# Chapter 16 Optimizing {shiny} Code

## 16.1 Optimizing R code

In its core, {shiny} runs R code on the server side. To be efficient, the R code computing your values and returning results also has to be optimized.

Optimizing R code is a very broad topic, and it would be possible to write a full book about it. In fact, a lot of books and blog posts already cover this topic. Instead of re-writing these books, we will try to point to some crucial resources you can refer to if you want to get started optimizing your R code.

• Efficient R programming (Gillespie and Lovelace 2017), has a series of methods you can quickly put into practice for more efficient R code.

• Advanced R (Wickham 2019b) has a chapter about optimizing R code (number 24). In the rest of this chapter, we will be focusing on how to optimize {shiny} specifically.

## 16.2 Caching elements

### 16.2.1 What is caching?

Caching is the process of storing resources-intensive results so that when they are needed again, your program can reuse the result another time without having to redo the computation again. This is particularly useful for computation that will always return the same result, and should never be used if you expect the result could vary from one function call to the other.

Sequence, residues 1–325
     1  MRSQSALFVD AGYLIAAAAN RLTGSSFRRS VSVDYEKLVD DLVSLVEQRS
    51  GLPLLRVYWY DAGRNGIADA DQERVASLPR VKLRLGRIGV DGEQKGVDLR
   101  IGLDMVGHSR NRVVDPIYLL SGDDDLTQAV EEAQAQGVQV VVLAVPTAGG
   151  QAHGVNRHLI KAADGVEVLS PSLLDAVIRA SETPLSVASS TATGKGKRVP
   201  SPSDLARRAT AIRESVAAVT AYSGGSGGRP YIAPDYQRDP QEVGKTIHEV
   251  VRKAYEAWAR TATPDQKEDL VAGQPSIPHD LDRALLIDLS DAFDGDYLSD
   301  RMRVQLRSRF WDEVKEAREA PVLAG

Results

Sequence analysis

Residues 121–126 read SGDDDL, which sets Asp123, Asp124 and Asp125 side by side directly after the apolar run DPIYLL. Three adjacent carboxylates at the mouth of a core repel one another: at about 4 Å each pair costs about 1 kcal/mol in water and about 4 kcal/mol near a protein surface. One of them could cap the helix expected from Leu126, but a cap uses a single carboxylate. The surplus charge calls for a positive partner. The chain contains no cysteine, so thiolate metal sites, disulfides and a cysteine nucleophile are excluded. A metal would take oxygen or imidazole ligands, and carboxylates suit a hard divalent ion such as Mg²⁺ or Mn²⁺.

How does it work? Let’s make a brief parallel with the human brain, and imagine that you know that you will need to use a phone number many times during the day, and for the purpose of this thought experiment, you are completely unable to remember it.61 What are you going to do? There are two solutions here: either you look in the phone book or in your phone contact list every time you need it, which takes a couple of seconds every time, or you use a post-it that you put on your computer screen with the number on it, so that you have direct access to it when you need it. It takes a couple of seconds the first time you look for the number, but it is almost instantaneous the next times you need it.

This is what caching does: it stores the result of an expensive computation, so that the next time you need the very same information again, you can read the result instead of redoing the full computation. The downside is that you only have limited space on your screen: when your screen is covered by sticky notes, you cannot store any more notes.62